Worst winter weather in November for 17 years


SCOTLAND found itself under a blanket of snow on today (Sun) – with forecasters warning of much more to come.

Roads were treacherous in parts with winds from Siberia expected to see temperatures plunge even lower come Monday, making it feel even worst than the minus 10 degrees Celcius recorded in some areas.

The Met Office issued severe weather warnings for much of the country, with Scotland’s east coast expect to bear much of the worst.

Some predicted around eight inches of snow could fall overnight in Fife alone in addition to what was already lying.

Forecasters said the amount of snowfall would vary across the country between five and 15 centimeters.

Up to 25 centimeters could fall on higher ground, they said.

A spokesman for the Met Office said: “Over the next few days we will see snow, snow and more snow.”

The AA said it had so far dealt with an 80 per cent surge in emergency call outs on Saturday alone compared with last year.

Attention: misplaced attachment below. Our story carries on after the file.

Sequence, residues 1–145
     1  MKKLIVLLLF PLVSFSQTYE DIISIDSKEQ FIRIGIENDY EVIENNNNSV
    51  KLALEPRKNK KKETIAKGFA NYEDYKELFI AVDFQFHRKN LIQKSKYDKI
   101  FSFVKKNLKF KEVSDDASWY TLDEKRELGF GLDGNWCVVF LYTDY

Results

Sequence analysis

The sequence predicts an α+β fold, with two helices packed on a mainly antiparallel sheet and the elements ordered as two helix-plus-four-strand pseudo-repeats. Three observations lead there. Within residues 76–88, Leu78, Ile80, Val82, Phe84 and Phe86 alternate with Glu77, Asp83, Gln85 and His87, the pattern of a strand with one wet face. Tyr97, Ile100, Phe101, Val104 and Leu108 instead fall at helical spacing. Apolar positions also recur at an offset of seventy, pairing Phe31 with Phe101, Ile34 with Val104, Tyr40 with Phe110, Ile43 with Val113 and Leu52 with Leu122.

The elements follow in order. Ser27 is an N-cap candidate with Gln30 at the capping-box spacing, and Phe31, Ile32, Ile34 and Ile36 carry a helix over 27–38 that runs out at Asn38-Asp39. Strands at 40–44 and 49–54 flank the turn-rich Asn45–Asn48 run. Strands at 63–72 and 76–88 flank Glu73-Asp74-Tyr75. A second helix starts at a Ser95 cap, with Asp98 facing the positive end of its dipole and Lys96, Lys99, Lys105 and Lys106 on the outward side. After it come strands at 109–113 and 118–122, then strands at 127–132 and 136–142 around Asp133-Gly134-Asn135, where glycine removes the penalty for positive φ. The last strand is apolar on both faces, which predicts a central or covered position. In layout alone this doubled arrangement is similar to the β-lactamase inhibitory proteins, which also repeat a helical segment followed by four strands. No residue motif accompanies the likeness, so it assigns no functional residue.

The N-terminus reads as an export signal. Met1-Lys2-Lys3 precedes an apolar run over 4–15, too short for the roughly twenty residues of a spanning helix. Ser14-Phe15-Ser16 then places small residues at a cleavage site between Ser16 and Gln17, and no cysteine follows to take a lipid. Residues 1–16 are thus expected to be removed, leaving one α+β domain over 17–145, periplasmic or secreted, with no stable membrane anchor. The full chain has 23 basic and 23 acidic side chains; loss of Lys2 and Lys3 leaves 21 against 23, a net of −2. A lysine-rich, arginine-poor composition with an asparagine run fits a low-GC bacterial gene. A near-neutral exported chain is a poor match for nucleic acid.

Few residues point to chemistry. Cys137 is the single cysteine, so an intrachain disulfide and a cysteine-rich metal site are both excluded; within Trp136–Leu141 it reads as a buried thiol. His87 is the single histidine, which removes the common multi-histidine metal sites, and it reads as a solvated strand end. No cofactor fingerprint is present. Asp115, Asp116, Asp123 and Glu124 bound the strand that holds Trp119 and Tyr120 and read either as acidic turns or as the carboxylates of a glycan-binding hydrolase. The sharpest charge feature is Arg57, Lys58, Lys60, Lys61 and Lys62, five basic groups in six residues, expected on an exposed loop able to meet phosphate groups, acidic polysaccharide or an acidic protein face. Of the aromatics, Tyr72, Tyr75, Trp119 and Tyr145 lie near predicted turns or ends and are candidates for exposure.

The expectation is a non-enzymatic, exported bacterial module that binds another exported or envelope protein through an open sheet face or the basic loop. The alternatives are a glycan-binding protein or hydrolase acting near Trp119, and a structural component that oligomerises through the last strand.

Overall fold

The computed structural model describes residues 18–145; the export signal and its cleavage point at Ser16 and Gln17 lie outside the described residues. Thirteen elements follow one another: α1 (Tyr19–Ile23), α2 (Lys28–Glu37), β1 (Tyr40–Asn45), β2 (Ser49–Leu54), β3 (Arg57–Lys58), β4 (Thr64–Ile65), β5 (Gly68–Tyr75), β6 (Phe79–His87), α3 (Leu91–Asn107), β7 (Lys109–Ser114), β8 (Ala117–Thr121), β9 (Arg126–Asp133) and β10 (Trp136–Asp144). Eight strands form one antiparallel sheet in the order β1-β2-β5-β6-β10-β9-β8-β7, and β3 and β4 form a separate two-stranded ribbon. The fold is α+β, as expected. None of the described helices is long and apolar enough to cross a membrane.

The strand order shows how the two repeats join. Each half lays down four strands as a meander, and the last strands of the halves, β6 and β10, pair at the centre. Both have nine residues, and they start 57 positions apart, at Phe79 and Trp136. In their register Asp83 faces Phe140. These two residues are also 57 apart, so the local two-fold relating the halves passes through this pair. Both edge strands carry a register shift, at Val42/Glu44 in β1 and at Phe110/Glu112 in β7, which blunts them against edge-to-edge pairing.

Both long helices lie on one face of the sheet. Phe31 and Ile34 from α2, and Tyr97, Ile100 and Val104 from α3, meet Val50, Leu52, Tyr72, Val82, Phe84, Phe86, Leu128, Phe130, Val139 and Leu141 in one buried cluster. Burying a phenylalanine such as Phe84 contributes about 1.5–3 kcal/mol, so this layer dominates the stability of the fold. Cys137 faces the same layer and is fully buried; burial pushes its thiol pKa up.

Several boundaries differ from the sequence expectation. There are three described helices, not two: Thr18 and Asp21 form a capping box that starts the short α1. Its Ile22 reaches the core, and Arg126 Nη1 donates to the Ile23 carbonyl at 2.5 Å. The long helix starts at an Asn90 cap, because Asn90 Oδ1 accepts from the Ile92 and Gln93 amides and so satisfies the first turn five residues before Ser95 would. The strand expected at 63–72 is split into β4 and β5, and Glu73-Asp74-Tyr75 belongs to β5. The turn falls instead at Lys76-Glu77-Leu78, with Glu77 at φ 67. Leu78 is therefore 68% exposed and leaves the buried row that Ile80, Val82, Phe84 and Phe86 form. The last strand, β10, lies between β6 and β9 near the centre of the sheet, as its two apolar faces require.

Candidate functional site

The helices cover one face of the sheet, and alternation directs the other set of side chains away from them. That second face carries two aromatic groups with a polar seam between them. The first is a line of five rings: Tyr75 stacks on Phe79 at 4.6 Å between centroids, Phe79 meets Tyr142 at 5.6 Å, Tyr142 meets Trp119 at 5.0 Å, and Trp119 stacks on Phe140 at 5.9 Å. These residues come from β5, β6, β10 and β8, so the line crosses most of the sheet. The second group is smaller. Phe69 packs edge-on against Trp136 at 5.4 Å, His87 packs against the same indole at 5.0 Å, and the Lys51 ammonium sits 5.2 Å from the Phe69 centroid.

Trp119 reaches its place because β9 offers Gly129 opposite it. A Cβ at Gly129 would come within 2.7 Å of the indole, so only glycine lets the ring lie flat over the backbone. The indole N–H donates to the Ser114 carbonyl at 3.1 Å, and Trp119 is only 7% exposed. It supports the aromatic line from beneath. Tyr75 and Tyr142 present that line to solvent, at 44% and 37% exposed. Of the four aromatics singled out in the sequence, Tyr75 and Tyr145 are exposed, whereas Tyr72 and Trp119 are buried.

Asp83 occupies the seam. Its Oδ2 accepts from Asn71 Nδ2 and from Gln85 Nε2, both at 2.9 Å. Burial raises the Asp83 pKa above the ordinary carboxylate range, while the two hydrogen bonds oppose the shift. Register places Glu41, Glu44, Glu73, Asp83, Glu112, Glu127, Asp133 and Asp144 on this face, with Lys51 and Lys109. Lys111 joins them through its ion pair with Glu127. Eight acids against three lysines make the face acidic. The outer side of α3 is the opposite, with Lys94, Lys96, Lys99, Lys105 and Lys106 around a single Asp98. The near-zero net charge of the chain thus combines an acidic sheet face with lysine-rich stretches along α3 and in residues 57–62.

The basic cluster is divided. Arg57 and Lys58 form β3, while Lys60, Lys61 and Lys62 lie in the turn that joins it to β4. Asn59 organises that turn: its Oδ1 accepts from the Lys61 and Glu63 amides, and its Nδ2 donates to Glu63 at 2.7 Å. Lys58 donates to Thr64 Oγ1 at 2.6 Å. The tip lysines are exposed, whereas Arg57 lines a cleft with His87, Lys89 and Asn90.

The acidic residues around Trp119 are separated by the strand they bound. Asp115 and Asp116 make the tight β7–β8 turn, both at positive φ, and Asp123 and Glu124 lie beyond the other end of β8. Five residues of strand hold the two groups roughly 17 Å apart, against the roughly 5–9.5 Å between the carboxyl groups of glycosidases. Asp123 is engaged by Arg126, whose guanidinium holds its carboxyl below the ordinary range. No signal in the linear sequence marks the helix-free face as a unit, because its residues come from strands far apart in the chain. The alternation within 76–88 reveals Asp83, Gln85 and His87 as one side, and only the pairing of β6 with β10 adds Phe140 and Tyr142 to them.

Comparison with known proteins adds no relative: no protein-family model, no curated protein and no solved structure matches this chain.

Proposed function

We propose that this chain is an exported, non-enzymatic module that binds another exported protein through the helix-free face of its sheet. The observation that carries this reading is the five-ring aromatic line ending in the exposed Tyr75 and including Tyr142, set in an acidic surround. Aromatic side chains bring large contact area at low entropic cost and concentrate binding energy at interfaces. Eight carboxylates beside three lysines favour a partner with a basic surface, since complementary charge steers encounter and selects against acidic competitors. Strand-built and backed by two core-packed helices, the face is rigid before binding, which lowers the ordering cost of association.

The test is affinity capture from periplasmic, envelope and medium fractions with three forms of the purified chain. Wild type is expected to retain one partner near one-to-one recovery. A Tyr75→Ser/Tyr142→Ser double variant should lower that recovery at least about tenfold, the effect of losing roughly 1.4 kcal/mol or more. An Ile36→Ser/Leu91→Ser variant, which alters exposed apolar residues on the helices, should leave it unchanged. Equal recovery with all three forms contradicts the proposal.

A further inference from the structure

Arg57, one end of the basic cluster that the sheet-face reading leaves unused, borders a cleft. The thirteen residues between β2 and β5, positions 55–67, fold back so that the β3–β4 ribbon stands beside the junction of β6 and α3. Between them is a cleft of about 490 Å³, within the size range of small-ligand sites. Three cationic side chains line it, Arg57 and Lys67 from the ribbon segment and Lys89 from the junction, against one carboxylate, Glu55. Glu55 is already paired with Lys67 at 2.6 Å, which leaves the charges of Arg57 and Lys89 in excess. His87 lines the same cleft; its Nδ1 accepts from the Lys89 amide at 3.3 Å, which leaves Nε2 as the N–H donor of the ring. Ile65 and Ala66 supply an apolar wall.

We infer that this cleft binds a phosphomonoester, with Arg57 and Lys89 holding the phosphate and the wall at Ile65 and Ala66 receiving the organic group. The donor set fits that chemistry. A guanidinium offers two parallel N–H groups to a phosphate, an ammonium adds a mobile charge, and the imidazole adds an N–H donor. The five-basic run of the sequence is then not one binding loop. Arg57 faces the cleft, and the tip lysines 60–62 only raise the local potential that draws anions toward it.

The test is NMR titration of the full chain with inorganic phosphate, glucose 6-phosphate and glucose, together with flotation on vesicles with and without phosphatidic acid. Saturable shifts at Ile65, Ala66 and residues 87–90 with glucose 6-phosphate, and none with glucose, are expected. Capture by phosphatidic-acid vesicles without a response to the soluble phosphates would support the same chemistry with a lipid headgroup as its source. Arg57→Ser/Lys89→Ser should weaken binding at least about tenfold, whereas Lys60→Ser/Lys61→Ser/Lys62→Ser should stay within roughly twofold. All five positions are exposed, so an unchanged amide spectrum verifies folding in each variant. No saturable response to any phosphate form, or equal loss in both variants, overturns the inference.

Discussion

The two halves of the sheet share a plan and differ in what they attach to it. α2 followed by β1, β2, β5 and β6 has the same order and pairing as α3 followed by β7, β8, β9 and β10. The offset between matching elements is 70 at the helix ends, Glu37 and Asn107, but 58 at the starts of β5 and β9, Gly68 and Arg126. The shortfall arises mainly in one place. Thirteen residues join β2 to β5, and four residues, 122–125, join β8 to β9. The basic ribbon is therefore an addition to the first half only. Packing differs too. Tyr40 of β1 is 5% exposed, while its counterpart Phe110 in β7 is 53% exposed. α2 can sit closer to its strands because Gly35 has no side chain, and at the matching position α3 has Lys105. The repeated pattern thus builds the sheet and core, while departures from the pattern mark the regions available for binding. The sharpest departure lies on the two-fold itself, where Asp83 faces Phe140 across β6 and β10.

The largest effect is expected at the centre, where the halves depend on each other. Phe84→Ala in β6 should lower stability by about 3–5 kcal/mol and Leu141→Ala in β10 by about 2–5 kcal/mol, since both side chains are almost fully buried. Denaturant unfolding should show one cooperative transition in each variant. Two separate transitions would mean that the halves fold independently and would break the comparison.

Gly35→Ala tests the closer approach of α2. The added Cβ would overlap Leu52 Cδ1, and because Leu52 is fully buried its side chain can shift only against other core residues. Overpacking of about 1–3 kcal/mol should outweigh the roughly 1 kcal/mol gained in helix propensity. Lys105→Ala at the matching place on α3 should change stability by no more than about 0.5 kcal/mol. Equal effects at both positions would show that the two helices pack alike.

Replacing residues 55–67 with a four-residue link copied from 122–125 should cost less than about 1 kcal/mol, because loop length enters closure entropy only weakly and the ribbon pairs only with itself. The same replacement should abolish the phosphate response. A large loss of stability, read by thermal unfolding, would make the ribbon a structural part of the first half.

Police across the country issues warnings for drivers to take care, with the A9 in Stirlingshire giving particular cause for concern.

Edinburgh Airport was among those to close while trains were cancelled and motorways reduced to a crawl of even closed in parts.

Football matches between Dundee Utd and Rangers and also Motherwell versus Hearts all fell victim to the conditions.

With the cold snap expected to last for a fortnight at least, Scotland’s ski centres were reporting brisk business.

Some stores also ran out of sledges and salt as Scots flocked to make the best of the conditions.

The Scottish Government convened its winter resilience committee over the weekend to assess the situation.

Justice Secretary Kenny MacAskill said: “last year we were running low on salt and grit but local authorities have made sure that they have stocked up.

“We have 360,000 tonnes and that’s two month’s heavy duty.   “We have got a supply coming in on Monday and they’re coming in on a regular basis.”

Planners came in for severe criticism last winter as the country slithered to a halt when many councils ran out of grit.   Hundreds of schools had to close, roads were left untreated and parts of the country slithered to a halt amid the chaos.

Weather experts said the weekend conditions were the worst suffered in a November by Scots since the white hell of 1993.